I just watched a documentary on Dolly Madison and she is my new favorite historical heroine!
Not to mention she lived during the Regency (Federal for Americans) period!

I'm not very good when it comes to patience in a project. But some things like hand quilting a queen-size quilt force me into that patience and I just have to take it one day at a time.

As I've slowly ventured into making Regency costume, I've realized that I need to take the same approach. See, I have almost 10 years of Civil War reenacting under my belt, albeit it's been about 7 years since I've done any reenacting. Still, I have all the clothes already. If I want to make another dress I already have the patterns and know-how to put it all together. Starting in a different time period (60 years earlier than the Civil War) is literally starting over. The undergarments were different, the cut of bodice, shoes, and how hair was worn is all different. It's pretty overwhelming! It's not something I can just jump into.

I've been following this lovely blog by a fellow mom/blogger/sewer of historical clothing also named Sarah over at Romantic History. She doesn't know it, but she's been such an inspiration to me! She's embarked on a goal of sewing one Regency clothing garment every month. For October she just finished a wool Spencer jacket. When I discovered her goal, I was so excited! Taking it one month at a time is something I can do. Breaking it up into manageable bits makes the task of building a whole new historical wardrobe not quite as overwhelming.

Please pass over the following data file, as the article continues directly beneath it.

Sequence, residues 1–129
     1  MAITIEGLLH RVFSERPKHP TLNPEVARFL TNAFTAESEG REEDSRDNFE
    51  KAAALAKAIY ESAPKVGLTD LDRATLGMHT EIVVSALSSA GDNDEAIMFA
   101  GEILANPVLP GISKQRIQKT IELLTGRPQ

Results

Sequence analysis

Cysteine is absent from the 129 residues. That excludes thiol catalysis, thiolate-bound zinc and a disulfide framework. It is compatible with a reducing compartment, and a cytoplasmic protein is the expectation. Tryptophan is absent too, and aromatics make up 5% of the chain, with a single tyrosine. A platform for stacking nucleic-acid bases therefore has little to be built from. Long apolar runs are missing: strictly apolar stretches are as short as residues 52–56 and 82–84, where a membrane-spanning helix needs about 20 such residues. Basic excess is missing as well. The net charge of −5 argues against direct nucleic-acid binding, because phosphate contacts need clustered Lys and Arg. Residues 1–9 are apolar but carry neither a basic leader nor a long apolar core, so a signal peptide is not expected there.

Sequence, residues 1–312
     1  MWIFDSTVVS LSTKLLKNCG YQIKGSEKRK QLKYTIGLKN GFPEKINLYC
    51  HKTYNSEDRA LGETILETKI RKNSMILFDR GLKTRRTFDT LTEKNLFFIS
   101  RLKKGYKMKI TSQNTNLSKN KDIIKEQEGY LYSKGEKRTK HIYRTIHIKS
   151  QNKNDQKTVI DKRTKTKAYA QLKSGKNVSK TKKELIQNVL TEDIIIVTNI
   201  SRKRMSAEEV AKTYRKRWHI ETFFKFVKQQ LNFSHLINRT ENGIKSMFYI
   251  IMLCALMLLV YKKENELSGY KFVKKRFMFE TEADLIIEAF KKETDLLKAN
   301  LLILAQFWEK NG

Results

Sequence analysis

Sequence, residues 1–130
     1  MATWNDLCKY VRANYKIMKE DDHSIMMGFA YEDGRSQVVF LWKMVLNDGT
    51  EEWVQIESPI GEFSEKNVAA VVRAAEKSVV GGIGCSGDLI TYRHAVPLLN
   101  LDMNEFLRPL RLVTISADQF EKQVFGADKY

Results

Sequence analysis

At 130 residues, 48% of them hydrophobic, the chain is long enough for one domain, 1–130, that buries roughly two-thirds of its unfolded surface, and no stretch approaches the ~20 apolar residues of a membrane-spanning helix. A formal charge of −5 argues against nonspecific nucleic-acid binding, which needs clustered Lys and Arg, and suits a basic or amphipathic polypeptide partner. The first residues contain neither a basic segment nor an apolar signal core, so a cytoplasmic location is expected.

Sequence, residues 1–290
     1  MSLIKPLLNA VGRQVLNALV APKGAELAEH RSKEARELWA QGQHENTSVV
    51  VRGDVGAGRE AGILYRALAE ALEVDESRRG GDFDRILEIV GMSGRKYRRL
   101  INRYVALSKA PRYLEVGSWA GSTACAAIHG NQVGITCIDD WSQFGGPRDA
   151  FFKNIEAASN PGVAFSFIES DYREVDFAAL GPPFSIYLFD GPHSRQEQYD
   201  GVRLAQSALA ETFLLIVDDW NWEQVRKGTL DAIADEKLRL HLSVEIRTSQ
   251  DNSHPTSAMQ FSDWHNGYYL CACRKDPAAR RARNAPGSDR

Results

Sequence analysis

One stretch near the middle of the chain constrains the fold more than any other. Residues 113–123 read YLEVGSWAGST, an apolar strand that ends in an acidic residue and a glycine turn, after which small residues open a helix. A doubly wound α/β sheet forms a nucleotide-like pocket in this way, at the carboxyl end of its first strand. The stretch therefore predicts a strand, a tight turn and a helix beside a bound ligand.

So! For the next few months I'm going to be focusing on the undergarments. I will also be making another corset - some short stays this time - that should prove fitting dresses while wearing it to be much easier than the long corset. I have this lovely cream and tan striped linen that will be the outside layer of the short stays that I picked up as a remnant at the fabric store. Hooray!

Then, once the undergarments are complete I will make one dress, and then focus like the dickens on getting some 1860s clothing made for my family in anticipation of the 150th anniversary of Gettysburg. It has been a goal of mine to go ever since I went as a 16 year old to the 135th anniversary event and even though I don't reenact anymore, I would always regret it if we didn't go - in costume!

Saturday, November 3, 2012


I finally did it! Today I finally joined ALHFAM. What is ALHFAM, you ask? Well from their own website it states: The Association for Living History, Farm and Agricultural Museums serves those involved in living historical farms, agricultural museums and outdoor museums of history and folklife.